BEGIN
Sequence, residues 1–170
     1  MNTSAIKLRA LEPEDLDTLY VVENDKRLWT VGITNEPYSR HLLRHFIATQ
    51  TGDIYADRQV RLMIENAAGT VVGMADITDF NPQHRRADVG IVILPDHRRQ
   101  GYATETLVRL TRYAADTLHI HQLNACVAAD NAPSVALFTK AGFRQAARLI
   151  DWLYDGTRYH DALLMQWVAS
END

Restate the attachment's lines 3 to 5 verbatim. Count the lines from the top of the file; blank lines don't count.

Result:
    51  TGDIYADRQV RLMIENAAGT VVGMADITDF NPQHRRADVG IVILPDHRRQ
   101  GYATETLVRL TRYAADTLHI HQLNACVAAD NAPSVALFTK AGFRQAARLI
   151  DWLYDGTRYH DALLMQWVAS